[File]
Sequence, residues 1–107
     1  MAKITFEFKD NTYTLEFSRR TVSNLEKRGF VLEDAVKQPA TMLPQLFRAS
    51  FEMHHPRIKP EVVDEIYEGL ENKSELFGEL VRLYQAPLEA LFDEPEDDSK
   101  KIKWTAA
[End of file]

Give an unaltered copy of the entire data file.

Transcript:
Sequence, residues 1–107
     1  MAKITFEFKD NTYTLEFSRR TVSNLEKRGF VLEDAVKQPA TMLPQLFRAS
    51  FEMHHPRIKP EVVDEIYEGL ENKSELFGEL VRLYQAPLEA LFDEPEDDSK
   101  KIKWTAA